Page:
Daragh Carville rewatches The Godfather
Rewatching The Godfather
On Saturday March 11 I went to see The Godfather at the London Palladium – with a live orchestra accompaniment – in the company of my son. It’s a film I’ve seen many times, a film I use as a touchstone in my teaching, but it was his first time and watching it with him felt like a big moment, not least because it’s a great film about fathers and sons.
I’d raved about the movie in advance so was slightly anxious as the lights went down and the musicians began to play Nino Rota’s plaintive score, that tremulous piccolo theme. What if he didn’t like it? What if he thought it was boring? I was anxious too because he’s only thirteen, and the film’s rated 15. Though since he’s a massive fan of Deadpool and Logan I was pretty sure the violence in The Godfather wouldn’t phase him for an instant.
But being with him, watching the film as if through his eyes, made me look at it in a new way. Though maybe that would have happened anyway. Every time you revisit a work of art that’s been important to you, you see it with new eyes, because of where you are in your life. I hadn’t watched The Godfather all the way through for some years, and in that time my own father has become ill, with dementia. So my own dad was very much in my thoughts this time, especially as I watched Marlon Brando’s performance.
I used to think Brando was a bit hammy in the role of Don Corleone – the cotton-stuffed cheeks, the heavy ageing make-up, the raspy voice – but seeing it again the vulnerability and tenderness of the performance hit home for the first time. Far from being the alpha male paterfamilias, Don Corleone actually spends much of the movie an invalid, hospitalised after an assassination attempt, then stretchered home and carried up the stairs in an image out of the New Testament. Even when he recovers, he withdraws from the family business, delegating and deferring to his youngest son, Michael. Brando’s performance in these moments – when Michael clasps his hand in the hospital and a single tear escapes the old man’s eye, or when consigliere Tom Hagan tells him his eldest son Sonny has been killed – is beautifully open and raw. He’s not hiding behind make-up and mannerisms, he’s transcending them to show something true. This vital, powerful man laid low.
I was struck again as I always am by the sheer elegance of the storytelling: the way the film builds from Michael’s early declaration ‘That’s my family, Kay, it’s not me’ to the moment, right at the heart of the movie’s three hour running time when he crosses the line and kills gangland rival Sollozzo and corrupt cop McCluskey; and then the dying fall from there to the end, when Michael has become the new Godfather, a colder, more ruthless killer than his father ever was, and the door closes on Kay. The precision of the story construction here always reminds me of Hemingway’s line ‘Writing is architecture, not interior decoration’.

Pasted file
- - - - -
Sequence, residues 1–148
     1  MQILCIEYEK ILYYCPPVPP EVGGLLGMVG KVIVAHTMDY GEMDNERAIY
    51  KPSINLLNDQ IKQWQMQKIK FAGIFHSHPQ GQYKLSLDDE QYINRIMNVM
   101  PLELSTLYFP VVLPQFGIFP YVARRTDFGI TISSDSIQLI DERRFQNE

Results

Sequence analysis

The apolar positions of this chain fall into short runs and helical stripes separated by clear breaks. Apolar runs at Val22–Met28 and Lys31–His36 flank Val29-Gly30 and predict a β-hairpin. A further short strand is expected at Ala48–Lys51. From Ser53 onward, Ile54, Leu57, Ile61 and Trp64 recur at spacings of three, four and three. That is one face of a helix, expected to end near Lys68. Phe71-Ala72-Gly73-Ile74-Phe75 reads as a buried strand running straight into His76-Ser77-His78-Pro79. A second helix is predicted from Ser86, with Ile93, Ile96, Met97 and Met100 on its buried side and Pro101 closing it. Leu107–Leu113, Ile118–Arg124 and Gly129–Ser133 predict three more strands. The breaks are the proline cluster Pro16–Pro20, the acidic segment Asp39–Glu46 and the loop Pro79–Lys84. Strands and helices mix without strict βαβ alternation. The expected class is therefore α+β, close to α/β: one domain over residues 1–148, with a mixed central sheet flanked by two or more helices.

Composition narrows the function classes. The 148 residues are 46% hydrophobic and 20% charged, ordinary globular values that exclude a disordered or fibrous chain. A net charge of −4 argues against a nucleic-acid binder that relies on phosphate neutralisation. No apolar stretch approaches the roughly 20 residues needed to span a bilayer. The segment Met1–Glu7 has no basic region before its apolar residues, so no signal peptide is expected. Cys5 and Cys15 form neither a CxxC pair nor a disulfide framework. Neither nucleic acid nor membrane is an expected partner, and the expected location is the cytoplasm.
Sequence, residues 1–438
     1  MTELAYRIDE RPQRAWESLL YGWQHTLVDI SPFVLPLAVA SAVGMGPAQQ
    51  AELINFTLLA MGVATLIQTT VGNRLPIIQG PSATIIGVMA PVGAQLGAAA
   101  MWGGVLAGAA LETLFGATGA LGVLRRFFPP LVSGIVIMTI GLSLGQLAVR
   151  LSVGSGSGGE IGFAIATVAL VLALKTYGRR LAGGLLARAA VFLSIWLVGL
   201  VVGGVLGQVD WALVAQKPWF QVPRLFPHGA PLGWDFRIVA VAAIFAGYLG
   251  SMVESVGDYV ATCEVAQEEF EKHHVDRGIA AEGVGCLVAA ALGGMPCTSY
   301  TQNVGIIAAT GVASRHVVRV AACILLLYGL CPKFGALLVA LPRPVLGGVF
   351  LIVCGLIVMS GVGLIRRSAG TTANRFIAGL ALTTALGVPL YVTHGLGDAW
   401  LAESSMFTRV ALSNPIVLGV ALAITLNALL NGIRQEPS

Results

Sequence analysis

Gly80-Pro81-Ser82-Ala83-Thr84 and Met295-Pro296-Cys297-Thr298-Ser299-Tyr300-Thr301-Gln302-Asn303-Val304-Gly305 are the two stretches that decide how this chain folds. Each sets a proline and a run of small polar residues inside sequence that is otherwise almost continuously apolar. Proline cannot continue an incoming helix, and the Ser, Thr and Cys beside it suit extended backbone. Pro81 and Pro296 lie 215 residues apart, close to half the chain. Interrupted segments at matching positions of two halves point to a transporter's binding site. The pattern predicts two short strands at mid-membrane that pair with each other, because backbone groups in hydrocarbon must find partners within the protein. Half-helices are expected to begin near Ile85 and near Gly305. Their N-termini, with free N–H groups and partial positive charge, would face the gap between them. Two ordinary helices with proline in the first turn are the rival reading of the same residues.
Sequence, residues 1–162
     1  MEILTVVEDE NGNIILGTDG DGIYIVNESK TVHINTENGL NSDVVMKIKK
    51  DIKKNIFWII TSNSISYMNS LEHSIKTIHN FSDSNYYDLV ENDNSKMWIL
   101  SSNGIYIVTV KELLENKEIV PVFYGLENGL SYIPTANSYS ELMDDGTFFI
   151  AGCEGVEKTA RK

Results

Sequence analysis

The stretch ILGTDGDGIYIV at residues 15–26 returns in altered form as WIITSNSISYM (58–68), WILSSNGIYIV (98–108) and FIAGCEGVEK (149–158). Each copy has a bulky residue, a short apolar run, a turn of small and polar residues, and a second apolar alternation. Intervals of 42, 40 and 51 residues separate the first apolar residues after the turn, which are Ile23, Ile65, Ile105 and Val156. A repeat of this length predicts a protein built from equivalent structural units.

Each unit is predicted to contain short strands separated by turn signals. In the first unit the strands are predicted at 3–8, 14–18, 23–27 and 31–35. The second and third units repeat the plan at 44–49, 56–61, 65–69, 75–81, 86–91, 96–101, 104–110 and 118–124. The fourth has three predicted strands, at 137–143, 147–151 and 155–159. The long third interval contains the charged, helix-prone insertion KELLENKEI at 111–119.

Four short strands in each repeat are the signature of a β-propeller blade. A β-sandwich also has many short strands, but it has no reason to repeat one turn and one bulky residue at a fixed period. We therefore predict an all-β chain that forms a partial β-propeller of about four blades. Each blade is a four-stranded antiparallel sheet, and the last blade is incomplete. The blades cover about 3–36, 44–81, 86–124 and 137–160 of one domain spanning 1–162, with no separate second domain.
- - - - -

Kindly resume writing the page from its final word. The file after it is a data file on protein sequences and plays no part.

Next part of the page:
Though there’s plenty to admire in the interior decoration of The Godfather too. In his (admittedly self-serving) autobiography The Kid Stays in the Picture studio boss Robert Evans takes credit for forcing Francis Ford Coppola to revise an early, cut-to-the-bone edit of the movie in order to restore what he called the ‘texture’ of the piece. And texture is one of the great pleasures of The Godfather, from the luscious period production design to Gordon Willis’s justly renowned cinematography, all Caravaggio chiaroscuro and shades of oak and honey. The music too – from the haunting main theme to the jaunty folk songs of the wedding party and the languid crooning of the Sinatra-esque Johnny Fontane – the rich variety of the music means that this movie above all others is one that deserves to be experienced with a live orchestra.
And then there are the tiny moments where story is suspended and the movie becomes pure texture: when an elderly guest at the wedding sings his party piece, or when hitman Clemenza stops what he’s doing to show Michael how to make the perfect pasta sauce. Moments that might ordinarily hit the cutting room floor, but here add to the warmth and organic integrity of the picture, its emphasis above all on the rituals of family life.
But that door closing on Kay at the end highlights something that troubled me this time around: the way women’s voices, women’s stories are side-lined. Kay herself, in spite of Diane Keaton’s winning performance, is only very lightly sketched in – she does little but worry about Michael – and some of the other women’s roles are almost non-existent. We see Don Corleone’s wife from time to time, notably in the wedding sequence, but hardly ever hear from her. She only has a handful of lines in the entire movie, and no substantial scenes of her own. We have no idea who she is, what drives her, how she feels about the family business. Similarly, Michael’s Sicilian bride Apollonia is apparently only there to look pretty and get killed. Talia Shire as Michael’s sister Connie gets more to do, and there’s real fire to her performance. The fact that she’s written as a victim, beaten by lousy husband Carlo, is – one might suggest, if one was being charitable – an indicator perhaps that the movie is aware of the misogyny of the world it depicts.
So although this is, as I said at the beginning, a great film about fathers and sons – and it was certainly a great bonding experience between this father and his son – that’s also in the end perhaps its greatest failing.
by Daragh Carville, March 2017